FCC Votes to Repeal Net Neutrality

December 14, 2017

On Thursday, Dec. 14, the Federal Communications Commission (FCC) voted to repeal net neutrality rules, which would allow internet providers to slow down or block access altogether to certain sites, or speed up access to others. The repeal proposal was led by FCC Chairman Ajit Pai and supported by the two other Republicans on the five-person panel. NSBA opposed repeal of the 2015 net neutrality rules which required internet service providers to provide equal access to the internet.

This change will allow internet companies to charge a fee for bandwidth use, stymieing access to information and content to those with fewer resources. Furthermore, this change could make breaking out with a new technology, or product, or company all the more difficult—something about which NSBA’s members are concerned.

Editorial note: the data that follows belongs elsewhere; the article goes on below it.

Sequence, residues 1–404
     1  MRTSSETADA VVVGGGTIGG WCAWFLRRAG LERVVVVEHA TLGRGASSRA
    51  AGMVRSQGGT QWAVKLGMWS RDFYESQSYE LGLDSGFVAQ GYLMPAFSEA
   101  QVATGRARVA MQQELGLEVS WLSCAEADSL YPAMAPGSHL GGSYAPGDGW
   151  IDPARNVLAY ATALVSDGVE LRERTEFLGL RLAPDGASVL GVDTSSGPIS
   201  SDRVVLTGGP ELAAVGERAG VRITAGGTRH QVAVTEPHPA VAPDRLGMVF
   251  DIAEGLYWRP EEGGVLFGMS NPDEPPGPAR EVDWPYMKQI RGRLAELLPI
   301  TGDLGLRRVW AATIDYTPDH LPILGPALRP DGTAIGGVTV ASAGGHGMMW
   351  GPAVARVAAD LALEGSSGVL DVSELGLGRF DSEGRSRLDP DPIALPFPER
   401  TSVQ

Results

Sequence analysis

Although the formal adoption of net neutrality rules in 2015—and the preceding 10 years when the FCC adhered to net neutrality-like principles—was not in response to any existing access issues, the significant potential for an unfair playing field for small businesses is problematic. The repeal of this rule could result in making small business owners second-class citizens if they are unable to pay premiums for online access to their websites and/or content.

It is highly likely the FCC will face future court challenges aimed at stopping the repeal, and the New York attorney general has launched an investigation into possible tampering with the process process.

NSBA will continue to pursue other avenues to protect our network neutrality.


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